NASHVILLE (BP) – Several Southern Baptist Disaster Relief units were called in to respond as a series of storms swept through the south central and southeastern United States.
Oklahoma Disaster Relief teams completed their work Thursday (March 31), reported Director Don Williams, following damage from a March 21 EF2 tornado.
“In our response, we helped 40 homeowners with property damage,” he told The Baptist Messenger. “We provided Madill [and] Little City with about 500 meals to feed their community. We made 200-plus chaplain contacts. Because of the generosity of Oklahoma Baptists, we provided financial assistance to Kingston, Texoma Southern; Madill, Little City; and six church members that will aid them in paying their insurance deductibles to move forward.”
More than 40 homeowners felt the storm’s effects, with as many Oklahoma churches represented by the resulting Disaster Relief response.
Arkansas Disaster Relief is still responding to needs from a March 30 EF3 tornado in the northwest part of the state, the Arkansas Baptist News reported.
Parts of Fayetteville and Springdale bore the brunt, with the Northwest Baptist Association’s Recovery unit mobilizing volunteers soon after the early morning storms. Volunteers from Grand Avenue Baptist in Fort Smith joined in the recovery efforts as did units from Balboa Baptist Church in Hot Springs Village.
Cross Church in Springdale is serving as a coordination site and hosting the Incident Management Team, ABN said.
A series of strong storms across central and north Alabama March 29 damaged at least three church buildings, the Alabama Baptist reported, but brought no deaths.
The damage to the side of Pine View Baptist Church in Brent should be a quick fix, said Pastor Mark Lovett.
Mark Wakefield, disaster relief and chaplaincy ministries strategist for the Alabama Baptist State Board of Missions, said cleanup and recovery efforts are being handled on the local level.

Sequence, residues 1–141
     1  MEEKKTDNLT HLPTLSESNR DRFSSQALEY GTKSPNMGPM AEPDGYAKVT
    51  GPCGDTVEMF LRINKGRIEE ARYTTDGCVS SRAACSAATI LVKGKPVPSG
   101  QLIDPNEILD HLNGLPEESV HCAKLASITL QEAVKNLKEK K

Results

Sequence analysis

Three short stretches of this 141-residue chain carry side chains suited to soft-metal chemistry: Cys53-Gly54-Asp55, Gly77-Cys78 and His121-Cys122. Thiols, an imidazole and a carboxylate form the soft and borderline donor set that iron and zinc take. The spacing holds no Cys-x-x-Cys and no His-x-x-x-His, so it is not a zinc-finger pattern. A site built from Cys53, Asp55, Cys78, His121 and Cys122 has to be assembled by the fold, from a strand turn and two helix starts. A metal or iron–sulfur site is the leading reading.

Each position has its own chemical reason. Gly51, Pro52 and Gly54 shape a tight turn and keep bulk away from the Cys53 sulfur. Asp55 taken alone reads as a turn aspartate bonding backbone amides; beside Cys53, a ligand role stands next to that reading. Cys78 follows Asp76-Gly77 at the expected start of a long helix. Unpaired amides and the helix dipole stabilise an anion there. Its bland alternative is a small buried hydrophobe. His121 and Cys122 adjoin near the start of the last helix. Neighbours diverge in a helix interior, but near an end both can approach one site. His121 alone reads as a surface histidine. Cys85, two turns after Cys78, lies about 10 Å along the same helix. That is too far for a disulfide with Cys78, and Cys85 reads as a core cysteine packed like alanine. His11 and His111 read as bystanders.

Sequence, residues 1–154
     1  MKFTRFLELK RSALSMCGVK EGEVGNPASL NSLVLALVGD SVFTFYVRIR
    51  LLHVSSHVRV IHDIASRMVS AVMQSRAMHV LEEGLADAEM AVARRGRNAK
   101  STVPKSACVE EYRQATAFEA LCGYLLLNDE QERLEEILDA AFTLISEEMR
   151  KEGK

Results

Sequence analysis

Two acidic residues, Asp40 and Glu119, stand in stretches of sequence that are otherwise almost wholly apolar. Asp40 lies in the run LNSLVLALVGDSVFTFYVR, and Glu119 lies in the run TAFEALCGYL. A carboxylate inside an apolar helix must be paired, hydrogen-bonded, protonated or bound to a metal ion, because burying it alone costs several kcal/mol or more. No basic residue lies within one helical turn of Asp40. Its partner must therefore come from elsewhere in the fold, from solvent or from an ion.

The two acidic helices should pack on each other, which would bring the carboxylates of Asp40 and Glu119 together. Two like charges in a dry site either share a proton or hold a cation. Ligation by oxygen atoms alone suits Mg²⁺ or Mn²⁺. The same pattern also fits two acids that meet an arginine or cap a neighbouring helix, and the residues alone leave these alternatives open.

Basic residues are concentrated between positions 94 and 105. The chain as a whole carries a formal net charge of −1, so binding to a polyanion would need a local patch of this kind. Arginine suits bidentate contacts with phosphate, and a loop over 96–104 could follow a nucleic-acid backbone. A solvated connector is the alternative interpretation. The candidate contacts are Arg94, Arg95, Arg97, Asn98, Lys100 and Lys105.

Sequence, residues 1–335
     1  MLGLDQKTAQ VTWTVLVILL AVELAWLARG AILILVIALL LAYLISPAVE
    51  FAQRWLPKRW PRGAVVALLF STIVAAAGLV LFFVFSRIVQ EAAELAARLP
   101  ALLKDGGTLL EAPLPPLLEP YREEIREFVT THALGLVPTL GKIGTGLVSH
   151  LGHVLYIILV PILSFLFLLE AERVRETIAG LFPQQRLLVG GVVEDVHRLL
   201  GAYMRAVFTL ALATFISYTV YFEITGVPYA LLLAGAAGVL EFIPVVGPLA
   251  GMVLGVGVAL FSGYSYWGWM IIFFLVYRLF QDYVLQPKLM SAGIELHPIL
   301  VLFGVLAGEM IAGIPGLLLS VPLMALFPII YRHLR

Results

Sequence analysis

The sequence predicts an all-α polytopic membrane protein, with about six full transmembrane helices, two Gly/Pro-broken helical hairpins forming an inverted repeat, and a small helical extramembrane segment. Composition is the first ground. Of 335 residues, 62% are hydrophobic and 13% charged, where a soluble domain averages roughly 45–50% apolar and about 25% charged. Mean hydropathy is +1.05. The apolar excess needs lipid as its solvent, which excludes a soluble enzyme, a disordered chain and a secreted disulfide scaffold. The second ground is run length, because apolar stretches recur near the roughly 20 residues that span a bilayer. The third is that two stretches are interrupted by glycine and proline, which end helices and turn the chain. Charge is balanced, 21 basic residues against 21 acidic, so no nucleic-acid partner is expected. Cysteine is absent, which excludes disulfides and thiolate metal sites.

A close call with a tornado still fresh in the memory of Scott Peters, pastor of Bethel Baptist Church in Bibb County, left him anxious throughout the night.
“This time last year, a tornado came very close to the church,” Peters said. “As it passed the church, it lifted and turned, missing the church. … It was very close.”
The recent storm went “right around on both sides of us,” he said. “It’s definitely very surreal.”
The March 30 storm that brought power outages, wind damage and flash flooding was the second of its type in three days for Louisiana, the Baptist Message said. State Disaster Relief Coordinator Stan Statham relayed the next day that Disaster Relief teams were still assessing damage.
First Baptist in Simsboro lost a section of its roof and shingles from its children’s building as well as awning damage, said Jason Cole, pastor.
Two people in a home were unharmed after a tree fell and damaged the house while crushing three cars, added John Cowling, ministry director at Rolling Hills Ministries in Ruston.
Compiled from media reports by Scott Barkley, chief national correspondent for Baptist Press.